Upfront Strategy

Here’s a sure sign of spring: The ad industry has begun talking about the next episode of network TV’s upfront sales bazaar.

It’s a market unlike any other. A small group of buyers—maybe about 100—and an even smaller bunch of sellers—a half-dozen—cut multimillion-dollar deals that account for a huge chunk of network TV’s $20 billion in ad inventory for the 12 months starting in September.

In return for these large yearlong commitments from their best customers, the networks guarantee that advertising schedules will reach or exceed specified audience ratings goals. But the economic logic behind these deals is hard to fathom.

The networks take a disproportionate share of the risk, knowing with remarkable precision the best they can possibly do. Buyers, conversely, know the worst. If the TV shows outperform their guarantees, the buyers get the extra ratings as a bonus; if the programs fare poorly, sponsors receive extra spots to make up for the deficiency.

About 20 years ago, when it was in a much stronger position than it is today, CBS attempted to break with tradition and sell its choicest ad slots without guaranteeing audience performance.

If memory serves, that sales attitude lasted for about a month. The other networks—all two of them—benefited mightily as advertisers shunned the Tiffany channel. It took CBS a year or two to recover.

Now the Black Rockers are making noises suggesting they are about to try another tough strategy—seeking top dollar for upfront ad sales rather than offering discounts. CBS signaled to Wall Street that the network might hold back time from the upfront market if pricing isn’t favorable.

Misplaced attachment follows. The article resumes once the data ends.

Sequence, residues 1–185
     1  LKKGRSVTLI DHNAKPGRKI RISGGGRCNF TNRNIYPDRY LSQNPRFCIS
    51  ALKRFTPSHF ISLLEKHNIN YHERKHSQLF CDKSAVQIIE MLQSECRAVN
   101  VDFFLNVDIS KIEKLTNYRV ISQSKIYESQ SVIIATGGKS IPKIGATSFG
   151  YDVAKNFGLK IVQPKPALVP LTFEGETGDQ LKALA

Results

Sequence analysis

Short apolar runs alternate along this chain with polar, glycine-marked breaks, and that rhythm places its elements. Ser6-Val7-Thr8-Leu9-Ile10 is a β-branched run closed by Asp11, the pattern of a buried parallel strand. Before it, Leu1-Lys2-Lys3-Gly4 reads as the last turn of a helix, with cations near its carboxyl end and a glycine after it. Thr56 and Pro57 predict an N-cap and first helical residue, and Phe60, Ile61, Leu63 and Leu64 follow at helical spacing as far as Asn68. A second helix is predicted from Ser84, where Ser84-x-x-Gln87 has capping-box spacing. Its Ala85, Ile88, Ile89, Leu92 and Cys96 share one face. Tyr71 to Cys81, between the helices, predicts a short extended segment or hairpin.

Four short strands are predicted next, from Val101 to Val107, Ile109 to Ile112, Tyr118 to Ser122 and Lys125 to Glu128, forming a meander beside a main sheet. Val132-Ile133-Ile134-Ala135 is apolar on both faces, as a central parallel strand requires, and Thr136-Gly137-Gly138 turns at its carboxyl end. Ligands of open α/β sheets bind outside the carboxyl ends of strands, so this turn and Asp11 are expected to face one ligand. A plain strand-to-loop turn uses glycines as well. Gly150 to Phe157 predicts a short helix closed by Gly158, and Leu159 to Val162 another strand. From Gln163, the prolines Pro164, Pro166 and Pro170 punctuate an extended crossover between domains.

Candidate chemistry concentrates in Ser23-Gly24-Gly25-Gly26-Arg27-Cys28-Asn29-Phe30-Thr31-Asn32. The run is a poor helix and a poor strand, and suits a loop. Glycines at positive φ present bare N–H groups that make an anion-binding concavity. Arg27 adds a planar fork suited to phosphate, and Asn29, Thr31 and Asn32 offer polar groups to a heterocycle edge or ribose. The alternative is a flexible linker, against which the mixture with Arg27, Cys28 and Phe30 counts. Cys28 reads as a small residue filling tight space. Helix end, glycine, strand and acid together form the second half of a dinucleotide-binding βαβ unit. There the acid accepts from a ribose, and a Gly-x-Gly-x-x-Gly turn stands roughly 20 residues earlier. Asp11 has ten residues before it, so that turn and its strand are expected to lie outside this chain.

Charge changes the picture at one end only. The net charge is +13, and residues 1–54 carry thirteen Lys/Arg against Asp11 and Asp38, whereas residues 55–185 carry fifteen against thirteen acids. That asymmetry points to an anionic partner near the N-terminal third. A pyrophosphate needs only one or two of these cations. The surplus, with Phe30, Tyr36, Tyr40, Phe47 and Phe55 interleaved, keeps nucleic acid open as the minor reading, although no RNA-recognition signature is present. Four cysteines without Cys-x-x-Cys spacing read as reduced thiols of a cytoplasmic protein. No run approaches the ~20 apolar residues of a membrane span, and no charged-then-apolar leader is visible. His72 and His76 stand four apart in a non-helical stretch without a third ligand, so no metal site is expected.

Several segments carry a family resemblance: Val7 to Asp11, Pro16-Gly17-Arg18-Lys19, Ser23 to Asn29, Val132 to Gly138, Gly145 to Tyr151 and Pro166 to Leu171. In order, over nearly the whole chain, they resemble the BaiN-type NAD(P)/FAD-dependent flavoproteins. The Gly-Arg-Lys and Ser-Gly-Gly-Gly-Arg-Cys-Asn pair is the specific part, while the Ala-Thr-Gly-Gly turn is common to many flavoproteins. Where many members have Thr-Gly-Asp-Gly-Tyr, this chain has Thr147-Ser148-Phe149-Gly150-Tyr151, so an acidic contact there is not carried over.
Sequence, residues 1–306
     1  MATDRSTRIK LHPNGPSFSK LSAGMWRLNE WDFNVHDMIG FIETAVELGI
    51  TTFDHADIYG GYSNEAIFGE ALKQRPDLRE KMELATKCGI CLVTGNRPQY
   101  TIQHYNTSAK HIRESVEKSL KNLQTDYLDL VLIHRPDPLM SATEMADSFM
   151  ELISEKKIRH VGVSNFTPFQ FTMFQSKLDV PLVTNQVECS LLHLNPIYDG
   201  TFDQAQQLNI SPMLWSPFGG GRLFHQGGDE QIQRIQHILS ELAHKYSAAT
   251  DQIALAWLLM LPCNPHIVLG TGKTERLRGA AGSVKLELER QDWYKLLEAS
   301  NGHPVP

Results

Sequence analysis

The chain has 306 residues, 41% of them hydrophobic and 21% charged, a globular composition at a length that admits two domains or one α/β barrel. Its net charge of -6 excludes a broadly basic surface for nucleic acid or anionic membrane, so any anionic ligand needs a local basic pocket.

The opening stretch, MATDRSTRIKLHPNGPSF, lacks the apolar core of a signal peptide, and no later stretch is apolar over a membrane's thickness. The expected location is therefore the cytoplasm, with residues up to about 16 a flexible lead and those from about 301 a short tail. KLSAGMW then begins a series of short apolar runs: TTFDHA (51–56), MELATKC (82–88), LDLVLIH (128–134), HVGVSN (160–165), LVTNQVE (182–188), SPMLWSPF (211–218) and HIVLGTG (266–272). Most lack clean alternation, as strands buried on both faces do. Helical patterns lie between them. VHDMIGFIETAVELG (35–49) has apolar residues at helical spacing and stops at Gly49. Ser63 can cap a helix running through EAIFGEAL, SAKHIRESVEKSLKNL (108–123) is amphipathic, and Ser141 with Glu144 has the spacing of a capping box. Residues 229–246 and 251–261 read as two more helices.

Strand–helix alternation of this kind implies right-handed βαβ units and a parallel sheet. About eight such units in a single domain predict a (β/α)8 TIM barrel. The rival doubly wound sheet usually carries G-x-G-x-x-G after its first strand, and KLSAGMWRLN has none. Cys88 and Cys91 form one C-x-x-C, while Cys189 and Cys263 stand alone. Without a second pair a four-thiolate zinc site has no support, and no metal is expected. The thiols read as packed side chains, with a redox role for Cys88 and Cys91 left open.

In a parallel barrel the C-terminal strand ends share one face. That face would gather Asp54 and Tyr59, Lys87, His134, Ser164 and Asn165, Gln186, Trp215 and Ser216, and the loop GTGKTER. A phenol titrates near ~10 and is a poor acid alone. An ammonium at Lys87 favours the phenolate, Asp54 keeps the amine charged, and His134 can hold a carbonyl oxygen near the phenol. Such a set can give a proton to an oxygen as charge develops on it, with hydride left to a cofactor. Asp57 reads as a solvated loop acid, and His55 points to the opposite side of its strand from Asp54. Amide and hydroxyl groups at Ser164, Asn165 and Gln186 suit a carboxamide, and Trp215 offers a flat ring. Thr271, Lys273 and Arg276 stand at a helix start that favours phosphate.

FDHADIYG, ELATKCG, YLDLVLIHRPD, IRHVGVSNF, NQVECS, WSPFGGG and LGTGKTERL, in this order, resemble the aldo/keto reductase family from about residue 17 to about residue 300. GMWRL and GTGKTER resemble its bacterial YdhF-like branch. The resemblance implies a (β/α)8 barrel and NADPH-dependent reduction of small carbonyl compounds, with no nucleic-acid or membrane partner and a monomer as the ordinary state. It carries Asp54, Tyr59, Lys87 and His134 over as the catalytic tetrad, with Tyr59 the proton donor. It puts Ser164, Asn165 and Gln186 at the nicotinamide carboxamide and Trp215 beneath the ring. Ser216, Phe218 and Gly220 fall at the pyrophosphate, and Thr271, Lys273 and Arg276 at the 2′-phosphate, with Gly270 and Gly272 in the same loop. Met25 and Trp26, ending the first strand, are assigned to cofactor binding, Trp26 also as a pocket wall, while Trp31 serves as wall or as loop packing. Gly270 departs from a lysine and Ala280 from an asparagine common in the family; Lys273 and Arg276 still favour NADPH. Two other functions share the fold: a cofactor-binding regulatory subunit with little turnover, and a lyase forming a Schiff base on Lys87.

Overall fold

This time, despite a poorer starting position, the strategy could work. Merely removing time from the market—once the buyers see you’re not bluffing—will drive up the price of what remains for sale. Having additional inventory for sale later in the year could prove valuable, too.

Today, CBS’ parent company is much more broadly based than it was two decades ago, and top management is considerably more hard-nosed. They might be more willing to stick to their guns until victory is at hand.

For buyers, however, a logical, winning, though we suspect unused, strategy might be for an advertiser to buy heavily into the networks’ new and unproven offerings, whatever they are.

Ordinarily, these shows are modestly priced and offer generous guarantees. If they miss their targets, the advertiser gets make-good units; if they hit their targets, the advertiser got a bargain. If they beat their targets, it’s pure bonus. Heads you win, tails you don’t lose.

In actual practice, if the ad market turns out to be especially strong, the networks get premium prices for the time that remains for sale after the upfront buyers are accommo-dated. If the market softens, advertisers can back out of some earlier commitments—or at least average down. In a typical year, spots sold upfront are cheaper than those sold later. And that’s not a bad arrangement for buyers, either.

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